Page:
From there, press the Power button to start playing music (press it again to pause). The name of the track appears in the upper right window, slowly scrolling across. To advance to the next track or go back a song, simply double-press one of the buttons on the right. It was equally easy to change the volume using the left buttons.
Being able to control our iPhone's music from the Casio was probably the most useful smartwatch feature the device offered. Not only did this feature work well, but because song titles are often short, we didn't lose patience waiting for them to scroll. However, you can only control music stored on your iPhone, and not from streaming music services.
Fitness enthusiasts can pair the Casio with one of four apps: three from Abvio (Runmeter, Walkmeter and Cyclemeter), as well as Wahoo Fitness. The Magellan Echo has an equally anemic selection of apps from which you can choose (Wahoo Fitness, Strava, MapMyRun and iSmoothRun). However, MapMyRun is in the top five most popular apps for the Health & Fitness category on the iPhone, whereas Walkmeter is the 42nd most popular. What's worse, you can't pair the Casio with any of Abvio's apps unless you pay for the premium versions, which cost $4.99 each.
When we used the free Wahoo Fitness app, it showed our distance in the upper right, the elapsed time in the upper left and pace in the main screen. If you have a heart monitor paired to the watch, the screen will cycle between the first view and a second view that shows your beats per minute.
When in this mode, pressing the button on the upper right of the Casio let us pause and unpause our workout (you have to use the Start and Stop buttons in the app to initiate or end a workout). Pressing the button on the lower right let us start a new lap. Pressing the button on the lower left started playing music and let us advance tracks, but wouldn't let us pause music or change the volume.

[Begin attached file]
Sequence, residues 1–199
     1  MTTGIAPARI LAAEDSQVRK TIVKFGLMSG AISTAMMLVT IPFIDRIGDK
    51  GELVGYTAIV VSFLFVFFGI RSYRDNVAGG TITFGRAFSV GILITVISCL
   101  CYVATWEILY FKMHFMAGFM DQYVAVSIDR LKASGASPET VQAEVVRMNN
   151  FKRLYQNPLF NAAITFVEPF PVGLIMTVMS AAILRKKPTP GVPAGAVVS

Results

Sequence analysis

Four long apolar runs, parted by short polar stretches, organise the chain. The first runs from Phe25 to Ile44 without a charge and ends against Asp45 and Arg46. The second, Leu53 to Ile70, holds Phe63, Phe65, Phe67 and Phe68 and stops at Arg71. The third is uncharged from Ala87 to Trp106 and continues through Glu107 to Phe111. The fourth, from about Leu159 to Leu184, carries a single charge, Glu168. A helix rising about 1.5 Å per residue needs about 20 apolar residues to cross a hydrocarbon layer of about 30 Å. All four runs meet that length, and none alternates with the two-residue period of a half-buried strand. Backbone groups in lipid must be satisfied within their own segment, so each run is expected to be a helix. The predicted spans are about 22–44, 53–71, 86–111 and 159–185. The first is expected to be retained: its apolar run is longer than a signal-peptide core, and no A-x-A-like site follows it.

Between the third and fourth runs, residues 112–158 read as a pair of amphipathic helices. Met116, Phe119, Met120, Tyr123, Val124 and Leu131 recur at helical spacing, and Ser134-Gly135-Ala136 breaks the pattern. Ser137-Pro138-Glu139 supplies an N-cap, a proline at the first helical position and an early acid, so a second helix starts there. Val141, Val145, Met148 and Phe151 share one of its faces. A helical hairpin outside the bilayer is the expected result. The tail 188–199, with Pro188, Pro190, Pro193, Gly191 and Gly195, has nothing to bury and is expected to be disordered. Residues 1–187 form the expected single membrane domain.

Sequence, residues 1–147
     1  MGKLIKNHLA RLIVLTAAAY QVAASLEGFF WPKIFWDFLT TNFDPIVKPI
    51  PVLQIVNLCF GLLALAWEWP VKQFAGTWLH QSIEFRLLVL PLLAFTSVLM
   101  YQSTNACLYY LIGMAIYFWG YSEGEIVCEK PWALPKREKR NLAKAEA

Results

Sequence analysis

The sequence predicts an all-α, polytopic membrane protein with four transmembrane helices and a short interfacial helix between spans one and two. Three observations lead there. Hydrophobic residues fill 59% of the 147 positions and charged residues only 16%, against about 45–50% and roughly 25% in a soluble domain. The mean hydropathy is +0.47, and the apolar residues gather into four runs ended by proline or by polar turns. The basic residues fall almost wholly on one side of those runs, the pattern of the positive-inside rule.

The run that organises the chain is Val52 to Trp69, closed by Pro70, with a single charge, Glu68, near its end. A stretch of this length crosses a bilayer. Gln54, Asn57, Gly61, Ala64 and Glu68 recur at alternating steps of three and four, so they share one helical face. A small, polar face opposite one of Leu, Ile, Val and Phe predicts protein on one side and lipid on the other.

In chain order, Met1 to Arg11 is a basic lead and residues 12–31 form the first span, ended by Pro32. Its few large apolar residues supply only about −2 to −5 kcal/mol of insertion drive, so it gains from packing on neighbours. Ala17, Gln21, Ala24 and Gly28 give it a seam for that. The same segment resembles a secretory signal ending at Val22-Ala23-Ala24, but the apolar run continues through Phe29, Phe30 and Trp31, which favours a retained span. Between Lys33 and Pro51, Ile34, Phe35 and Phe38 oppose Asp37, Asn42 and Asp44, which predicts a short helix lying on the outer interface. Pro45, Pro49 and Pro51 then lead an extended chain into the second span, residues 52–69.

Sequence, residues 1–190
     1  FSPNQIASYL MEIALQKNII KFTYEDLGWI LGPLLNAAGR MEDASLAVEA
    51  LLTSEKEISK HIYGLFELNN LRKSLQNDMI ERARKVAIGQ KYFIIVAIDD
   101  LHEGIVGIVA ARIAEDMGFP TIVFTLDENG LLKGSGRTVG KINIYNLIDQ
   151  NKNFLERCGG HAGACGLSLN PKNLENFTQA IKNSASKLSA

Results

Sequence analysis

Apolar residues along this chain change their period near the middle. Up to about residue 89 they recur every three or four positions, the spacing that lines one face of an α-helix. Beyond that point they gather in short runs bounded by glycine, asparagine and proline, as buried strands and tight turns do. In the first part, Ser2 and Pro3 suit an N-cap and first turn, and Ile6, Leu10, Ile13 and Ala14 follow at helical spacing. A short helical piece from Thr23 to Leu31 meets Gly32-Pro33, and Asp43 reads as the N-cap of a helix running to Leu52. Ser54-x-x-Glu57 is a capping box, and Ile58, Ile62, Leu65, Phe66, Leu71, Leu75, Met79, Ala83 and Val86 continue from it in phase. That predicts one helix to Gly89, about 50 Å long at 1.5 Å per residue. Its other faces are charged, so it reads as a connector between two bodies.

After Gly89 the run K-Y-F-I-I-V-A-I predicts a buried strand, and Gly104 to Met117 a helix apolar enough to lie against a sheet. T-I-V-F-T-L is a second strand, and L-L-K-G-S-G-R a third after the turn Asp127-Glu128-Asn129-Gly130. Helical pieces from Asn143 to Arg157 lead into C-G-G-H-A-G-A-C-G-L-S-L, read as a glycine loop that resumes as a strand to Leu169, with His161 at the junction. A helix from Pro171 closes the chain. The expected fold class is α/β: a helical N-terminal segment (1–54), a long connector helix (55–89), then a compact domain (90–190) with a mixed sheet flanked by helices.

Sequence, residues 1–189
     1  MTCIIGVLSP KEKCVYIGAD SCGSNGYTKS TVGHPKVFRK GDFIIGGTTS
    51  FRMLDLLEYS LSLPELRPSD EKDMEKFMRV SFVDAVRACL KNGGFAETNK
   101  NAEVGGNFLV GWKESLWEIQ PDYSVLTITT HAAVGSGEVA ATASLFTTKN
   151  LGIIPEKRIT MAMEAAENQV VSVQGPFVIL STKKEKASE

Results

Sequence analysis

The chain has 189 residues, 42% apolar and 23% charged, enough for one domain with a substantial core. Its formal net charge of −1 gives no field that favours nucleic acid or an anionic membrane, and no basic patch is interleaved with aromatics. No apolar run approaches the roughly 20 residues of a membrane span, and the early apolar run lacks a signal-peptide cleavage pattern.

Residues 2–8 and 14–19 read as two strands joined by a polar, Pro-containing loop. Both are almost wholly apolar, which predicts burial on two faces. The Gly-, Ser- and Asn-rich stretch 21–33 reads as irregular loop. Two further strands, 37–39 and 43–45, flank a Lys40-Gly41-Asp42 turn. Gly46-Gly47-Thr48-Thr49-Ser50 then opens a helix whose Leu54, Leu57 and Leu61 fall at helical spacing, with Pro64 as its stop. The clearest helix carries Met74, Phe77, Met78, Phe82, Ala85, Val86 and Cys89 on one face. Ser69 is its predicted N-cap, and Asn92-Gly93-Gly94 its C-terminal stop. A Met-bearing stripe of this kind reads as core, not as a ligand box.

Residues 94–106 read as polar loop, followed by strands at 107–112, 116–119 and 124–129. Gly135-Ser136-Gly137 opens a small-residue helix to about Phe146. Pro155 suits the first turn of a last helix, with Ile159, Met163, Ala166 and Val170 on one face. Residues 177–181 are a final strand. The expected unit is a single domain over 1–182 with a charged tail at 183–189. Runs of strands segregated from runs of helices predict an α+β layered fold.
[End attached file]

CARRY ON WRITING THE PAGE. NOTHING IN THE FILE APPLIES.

The Casio itself (without an iPhone) also offers a wide range of other sports watch functions, including a function to record up to 120 lap times, a stopwatch, countdown timer, up to five daily alarms and world time. However, figuring out the correct sequence of buttons to push for a given operation is like executing a "Contra" cheat code. The printed instructions that come with the phone aren't that helpful, either. If you pick up the STB-1000, we suggest studying the online manual (http://support.casio.com/global/en/wat/ble/stb1000/).
Misplace your phone? Provided the Casio and your iPhone are linked via Bluetooth (and in range), you can press a button on the watch, and a tone will start playing on your phone. This feature worked well, and we were able to get about 72 feet away from our phone before the Bluetooth connection failed.
Powered by a standard CR2032 3-volt battery, the STB1000 should last up to two years on a charge, Casio says. By comparison, the Martian Notifier should last about the same amount of time, and the Echo should last up to six months with heavy use and 11 months with light use.
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The Casio STB1000 falls into a nebulous region between fitness bands and full-fledged smartwatches. At $99, it's about the same price as mid-range fitness gadgets, but when paired with your iPhone, it can deliver workout stats to your wrist. While this may be useful to those who want to carry two devices while running, Casio's execution falls flat.
Although it costs $50 more, the Magellan Echo provides much of the same functionality, but works with more popular fitness apps. Moreover, its screen was easier to view while we were running, and its interface was more intuitive. With the STB1000, Casio tried to combine this year's technology with a watch from the 1990s, and the result feels dated.